The "Naive Physics Manifesto" of Pat Hayes (1978) proposes a large-scale project to develop a formal theory encompassing the entire knowledge of physics of naive reasoners, expressed in a declarative symbolic form. The theory is organized in clusters of closely interconnected concepts and axioms. More recent work on the representation of commonsense physical knowledge has followed a somewhat different methodology. The goal has been to develop a competence theory powerful enough to justify commonsense physical inferences, and the research is organized in microworlds, each microworld covering a small range of physical phenomena. In this article, I compare the advantages and disadvantages of the two approaches.
Commonsense is a challenge not only for representation and reasoning but also for large scale knowledge engineering required to capture the breadth of our "everyday" world. One approach to knowledge engineering is to "outsource" the effort to the public through games that generate structured commonsense knowledge from user play. To date, such games have focused on symbolic and textual knowledge. However, an effective commonsense reasoning system will require spatial and physical reasoning capabilities. In this paper, I propose a tool for gathering commonsense information from ordinary people. It is a user-friendly 3D sculpting tool for modeling and annotating models of physical objects and spaces.
The personal stories that people write in their Internet weblogs include a substantial amount of information about the causal relationships between everyday events. In this paper we describe our efforts to use millions of these stories for automated commonsense causal reasoning. Casting the commonsense causal reasoning problem as a Choice of Plausible Alternatives, we describe four experiments that compare various statistical and information retrieval approaches to exploit causal information in story corpora. The top performing system in these experiments uses a simple co-occurrence statistic between words in the causal antecedent and consequent, calculated as the Pointwise Mutual Information between words in a corpus of millions of personal stories.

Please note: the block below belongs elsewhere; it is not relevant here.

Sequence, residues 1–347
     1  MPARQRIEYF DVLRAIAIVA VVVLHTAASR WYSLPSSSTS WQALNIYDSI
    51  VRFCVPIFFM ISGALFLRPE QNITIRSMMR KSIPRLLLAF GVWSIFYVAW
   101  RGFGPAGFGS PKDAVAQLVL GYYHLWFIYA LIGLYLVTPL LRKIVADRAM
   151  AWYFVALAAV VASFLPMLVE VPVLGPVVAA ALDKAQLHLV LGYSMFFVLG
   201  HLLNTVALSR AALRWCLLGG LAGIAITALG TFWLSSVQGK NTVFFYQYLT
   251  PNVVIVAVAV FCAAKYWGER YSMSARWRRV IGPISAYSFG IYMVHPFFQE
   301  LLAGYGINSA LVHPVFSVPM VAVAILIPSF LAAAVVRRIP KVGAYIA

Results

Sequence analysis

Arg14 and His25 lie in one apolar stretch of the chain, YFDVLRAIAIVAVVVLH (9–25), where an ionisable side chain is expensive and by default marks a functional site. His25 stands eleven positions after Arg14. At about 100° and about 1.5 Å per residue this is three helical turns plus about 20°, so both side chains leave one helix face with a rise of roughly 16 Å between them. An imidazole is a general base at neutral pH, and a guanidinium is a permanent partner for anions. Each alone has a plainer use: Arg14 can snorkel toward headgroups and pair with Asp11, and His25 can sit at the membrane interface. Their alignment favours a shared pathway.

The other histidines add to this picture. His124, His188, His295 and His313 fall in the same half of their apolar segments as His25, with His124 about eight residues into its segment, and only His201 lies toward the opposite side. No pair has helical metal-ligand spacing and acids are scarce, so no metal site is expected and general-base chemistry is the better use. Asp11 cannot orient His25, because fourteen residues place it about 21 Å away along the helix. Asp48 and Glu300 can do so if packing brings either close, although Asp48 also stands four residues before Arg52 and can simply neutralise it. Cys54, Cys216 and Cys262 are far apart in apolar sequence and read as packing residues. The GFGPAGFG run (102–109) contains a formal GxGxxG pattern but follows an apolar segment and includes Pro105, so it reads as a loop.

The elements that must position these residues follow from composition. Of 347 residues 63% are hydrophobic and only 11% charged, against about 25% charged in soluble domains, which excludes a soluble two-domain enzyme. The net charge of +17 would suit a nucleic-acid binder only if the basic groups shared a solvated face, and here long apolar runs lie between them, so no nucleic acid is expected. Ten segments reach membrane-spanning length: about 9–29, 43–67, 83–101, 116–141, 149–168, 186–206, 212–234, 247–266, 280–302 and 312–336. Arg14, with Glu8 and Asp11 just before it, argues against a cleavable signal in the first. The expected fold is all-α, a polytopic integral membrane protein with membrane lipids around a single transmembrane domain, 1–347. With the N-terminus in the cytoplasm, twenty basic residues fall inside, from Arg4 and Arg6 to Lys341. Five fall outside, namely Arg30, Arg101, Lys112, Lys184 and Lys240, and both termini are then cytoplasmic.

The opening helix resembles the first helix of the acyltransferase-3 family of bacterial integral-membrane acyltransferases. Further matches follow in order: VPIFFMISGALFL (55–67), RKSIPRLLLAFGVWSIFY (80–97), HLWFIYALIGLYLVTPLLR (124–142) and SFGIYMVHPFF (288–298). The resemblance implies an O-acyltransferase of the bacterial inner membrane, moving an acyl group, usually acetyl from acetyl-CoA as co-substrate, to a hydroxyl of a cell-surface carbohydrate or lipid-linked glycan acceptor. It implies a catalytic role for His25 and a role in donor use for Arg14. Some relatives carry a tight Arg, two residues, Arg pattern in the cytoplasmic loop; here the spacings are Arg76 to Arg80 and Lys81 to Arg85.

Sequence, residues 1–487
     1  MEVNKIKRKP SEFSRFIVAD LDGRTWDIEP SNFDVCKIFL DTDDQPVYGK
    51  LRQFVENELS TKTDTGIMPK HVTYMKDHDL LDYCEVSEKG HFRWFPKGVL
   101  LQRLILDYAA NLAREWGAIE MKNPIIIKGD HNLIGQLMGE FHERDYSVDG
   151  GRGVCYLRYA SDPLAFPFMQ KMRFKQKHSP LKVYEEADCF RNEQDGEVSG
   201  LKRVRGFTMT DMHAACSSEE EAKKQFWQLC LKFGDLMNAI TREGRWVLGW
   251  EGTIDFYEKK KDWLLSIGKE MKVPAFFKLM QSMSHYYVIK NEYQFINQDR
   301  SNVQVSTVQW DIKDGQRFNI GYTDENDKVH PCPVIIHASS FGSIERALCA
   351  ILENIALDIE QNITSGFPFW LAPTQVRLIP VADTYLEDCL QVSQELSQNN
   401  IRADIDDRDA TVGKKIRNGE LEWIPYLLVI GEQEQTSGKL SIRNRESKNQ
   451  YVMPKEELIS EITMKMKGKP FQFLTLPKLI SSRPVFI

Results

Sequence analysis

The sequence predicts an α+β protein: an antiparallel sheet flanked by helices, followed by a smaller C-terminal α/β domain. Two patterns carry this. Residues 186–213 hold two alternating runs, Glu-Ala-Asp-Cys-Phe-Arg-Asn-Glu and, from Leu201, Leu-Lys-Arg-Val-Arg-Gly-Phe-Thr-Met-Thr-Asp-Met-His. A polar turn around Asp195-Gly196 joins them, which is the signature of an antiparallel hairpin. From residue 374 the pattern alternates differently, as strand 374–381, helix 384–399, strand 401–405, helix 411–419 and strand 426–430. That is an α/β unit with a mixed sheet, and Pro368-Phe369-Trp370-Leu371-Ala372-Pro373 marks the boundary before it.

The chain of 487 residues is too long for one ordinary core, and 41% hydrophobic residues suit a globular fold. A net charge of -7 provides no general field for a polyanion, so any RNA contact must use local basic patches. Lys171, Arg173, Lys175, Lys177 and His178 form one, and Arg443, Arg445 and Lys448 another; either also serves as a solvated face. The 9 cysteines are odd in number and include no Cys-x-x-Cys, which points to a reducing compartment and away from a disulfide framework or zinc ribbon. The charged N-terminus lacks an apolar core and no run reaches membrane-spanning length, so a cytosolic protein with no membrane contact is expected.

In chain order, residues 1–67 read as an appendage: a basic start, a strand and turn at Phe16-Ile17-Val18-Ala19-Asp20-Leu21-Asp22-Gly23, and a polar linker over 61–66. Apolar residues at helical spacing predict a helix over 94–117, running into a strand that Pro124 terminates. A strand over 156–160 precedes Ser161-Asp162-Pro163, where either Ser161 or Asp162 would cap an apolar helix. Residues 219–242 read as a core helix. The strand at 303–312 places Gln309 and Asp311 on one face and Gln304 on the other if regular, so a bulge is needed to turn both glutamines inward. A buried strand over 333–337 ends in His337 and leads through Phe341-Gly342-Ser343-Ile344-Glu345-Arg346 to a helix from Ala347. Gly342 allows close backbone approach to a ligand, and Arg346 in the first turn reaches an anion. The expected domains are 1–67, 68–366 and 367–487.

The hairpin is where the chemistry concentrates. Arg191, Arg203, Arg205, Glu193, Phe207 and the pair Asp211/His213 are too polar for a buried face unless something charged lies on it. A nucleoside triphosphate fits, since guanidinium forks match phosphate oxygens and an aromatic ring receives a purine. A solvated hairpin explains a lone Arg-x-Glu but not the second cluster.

Research in open-domain commonsense reasoning has been hindered by the lack of evaluation metrics for judging progress and comparing alternative approaches. Taking inspiration from large-scale question sets used in natural language processing research, we authored one thousand English-language questions that directly assess commonsense causal reasoning, called the Choice Of Plausible Alternatives (COPA) evaluation. Using a forced-choice format, each question gives a premise and two plausible causes or effects, where the correct choice is the alternative that is more plausible than the other. This paper describes the authoring methodology that we used to develop a validated question set with sufficient breadth to advance open-domain commonsense reasoning research. We discuss the design decisions made during the authoring process, and explain how these decisions will affect the design of high-scoring systems. We also present the performance of multiple baseline approaches that use statistical natural language processing techniques, establishing initial benchmarks for future systems.
Visual Reasoning requires an understanding of complex compositional images and common-sense reasoning about sets of objects, quantities, comparisons, and spatial relationships. This paper presents a semantic parser that combines Computer Vision (CV), Natural Language Processing (NLP) and Knowledge Representation & Reasoning (KRR) to automatically solve visual reasoning problems from the Cornell Natural Language Visual Reasoning (CNLVR) dataset. Unlike the data-driven approaches applied to the same dataset, our system does not require any training but is guided by the knowledge base that is manually constructed. The system demonstrates robust overall performance which is also time and space efficient. Our system achieves 87.3% accuracy, which is 17.6% higher over the state-of-the-art method on raw image representations.